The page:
Too sad for a witty title
December 13, 2012 4:47 PM   Subscribe

My grandad passed away today. My family have asked me to find a poem he might like, to read at his funeral. He was an engineer who would only read 'factual' things, such as instructional/educational books and later in life, a lot of biographies. He didn't go in for poetry at all that I know of. Would like to avoid 'Do not stand at my grave and cry'. Any reccommendations?

I'm not sure when the funeral is yet but I am panicking and blanking on this. Thank you in advance for any guidance.
posted by everydayanewday to Human Relations (27 answers total) 57 users marked this as a favorite
Best answer: Try Billy Collins - I hate poetry, but I loooove his. Not rhyming or sappy or anything; very contemplative about everyday life, pretty straightforward, and often wryly funny. I could see finding something appropriate, thoughtful, and yet would give people a small chuckle rather than make them cry. A lot of it is available on Poemhunter, and any major bookstore probably has a couple of his books.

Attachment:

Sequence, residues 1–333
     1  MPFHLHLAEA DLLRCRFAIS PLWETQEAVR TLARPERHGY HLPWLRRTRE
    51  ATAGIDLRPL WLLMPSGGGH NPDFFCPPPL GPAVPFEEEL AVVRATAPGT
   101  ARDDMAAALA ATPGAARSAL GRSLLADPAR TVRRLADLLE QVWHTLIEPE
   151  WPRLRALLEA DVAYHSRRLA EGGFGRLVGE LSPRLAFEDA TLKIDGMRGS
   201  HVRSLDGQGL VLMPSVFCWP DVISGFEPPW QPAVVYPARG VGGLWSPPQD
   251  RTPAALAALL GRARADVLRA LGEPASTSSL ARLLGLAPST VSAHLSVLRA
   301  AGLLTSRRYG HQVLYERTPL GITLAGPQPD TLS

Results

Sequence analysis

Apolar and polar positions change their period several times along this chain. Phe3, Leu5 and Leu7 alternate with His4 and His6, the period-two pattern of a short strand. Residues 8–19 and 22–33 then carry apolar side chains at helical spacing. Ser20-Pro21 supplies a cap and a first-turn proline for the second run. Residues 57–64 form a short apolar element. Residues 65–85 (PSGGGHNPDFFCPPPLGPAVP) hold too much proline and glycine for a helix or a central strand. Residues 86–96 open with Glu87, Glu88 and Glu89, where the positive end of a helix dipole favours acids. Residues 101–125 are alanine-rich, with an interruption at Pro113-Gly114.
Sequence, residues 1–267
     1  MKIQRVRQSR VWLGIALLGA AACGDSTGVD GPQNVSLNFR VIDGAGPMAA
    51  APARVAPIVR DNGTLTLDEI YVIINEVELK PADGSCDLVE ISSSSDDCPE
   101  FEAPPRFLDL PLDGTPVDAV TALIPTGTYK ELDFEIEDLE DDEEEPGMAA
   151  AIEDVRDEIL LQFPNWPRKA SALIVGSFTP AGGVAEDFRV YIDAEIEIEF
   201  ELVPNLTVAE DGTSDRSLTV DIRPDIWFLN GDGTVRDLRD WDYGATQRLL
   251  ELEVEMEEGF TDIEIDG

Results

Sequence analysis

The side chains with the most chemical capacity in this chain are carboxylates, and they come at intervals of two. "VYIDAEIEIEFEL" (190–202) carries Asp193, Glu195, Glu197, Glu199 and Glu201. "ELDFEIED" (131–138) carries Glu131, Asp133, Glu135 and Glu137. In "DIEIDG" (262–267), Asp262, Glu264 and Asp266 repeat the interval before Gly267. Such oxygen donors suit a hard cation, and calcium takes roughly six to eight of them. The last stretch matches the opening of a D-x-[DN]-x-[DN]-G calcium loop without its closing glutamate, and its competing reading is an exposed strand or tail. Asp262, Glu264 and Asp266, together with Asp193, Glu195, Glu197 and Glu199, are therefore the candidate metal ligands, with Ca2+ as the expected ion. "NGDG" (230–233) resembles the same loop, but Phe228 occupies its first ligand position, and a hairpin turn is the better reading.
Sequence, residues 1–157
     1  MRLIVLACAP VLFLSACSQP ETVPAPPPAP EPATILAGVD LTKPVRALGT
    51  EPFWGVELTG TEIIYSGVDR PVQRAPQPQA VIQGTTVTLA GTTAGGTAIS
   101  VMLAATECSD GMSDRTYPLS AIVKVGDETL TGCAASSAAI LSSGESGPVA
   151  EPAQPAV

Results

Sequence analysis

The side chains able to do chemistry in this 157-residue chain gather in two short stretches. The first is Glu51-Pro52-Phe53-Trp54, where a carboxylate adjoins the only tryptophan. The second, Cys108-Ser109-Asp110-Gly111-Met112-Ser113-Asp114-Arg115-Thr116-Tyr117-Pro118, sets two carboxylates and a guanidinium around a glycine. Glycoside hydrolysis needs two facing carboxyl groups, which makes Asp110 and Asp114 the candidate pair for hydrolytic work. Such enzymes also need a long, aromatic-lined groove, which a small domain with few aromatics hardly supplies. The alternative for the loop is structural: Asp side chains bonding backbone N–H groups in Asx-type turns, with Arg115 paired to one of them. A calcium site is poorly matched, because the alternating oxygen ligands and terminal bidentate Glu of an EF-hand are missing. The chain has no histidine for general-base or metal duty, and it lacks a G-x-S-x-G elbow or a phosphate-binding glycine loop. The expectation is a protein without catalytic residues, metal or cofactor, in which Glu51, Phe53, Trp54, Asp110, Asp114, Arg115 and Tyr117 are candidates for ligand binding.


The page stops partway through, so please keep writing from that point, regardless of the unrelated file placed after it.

BTW - I'm so sorry. I lost my grandfather last year, right before Thanksgiving. It's rough.
posted by jrobin276 at 4:56 PM on December 13, 2012 [3 favorites]

Best answer: You have my deepest condolences; even expected losses can be difficult.

I am particularly fond of the Egyptian poem I'll reproduce below, and read it for my best friends' memorial, but I don't know how it would go over in other populations.

Death is before me today:
Like the recovery of a sick man,
Like going forth into a garden after sickness

Death is before me today:
Like the odor of myrrh,
Like sitting under a sail in a good wind.

Death is before me today:
Like the course of a stream
Like the return of a man from the war-galley to his house.

Death is before me today:
Like the home that a man longs to see,
After years spent as a captive.

It's from From "Dialogue of a Misanthrope with His Soul" (ca 2000 BC), from the Middle Period of Egypt, obviously translated (this is the translation from Neil Gaiman's comic books).
posted by Deoridhe at 4:58 PM on December 13, 2012 [16 favorites]

What about going at it from an an angle of a poem that reminds you of him or time you spent together rather than one you have to guess if he would like? It might help you feel better about your choice.
posted by cecic at 4:58 PM on December 13, 2012 [1 favorite]

Do you know anything about whose biographies he particularly liked? A quotation might serve just as well as a poem.
posted by gracedissolved at 5:00 PM on December 13, 2012 [1 favorite]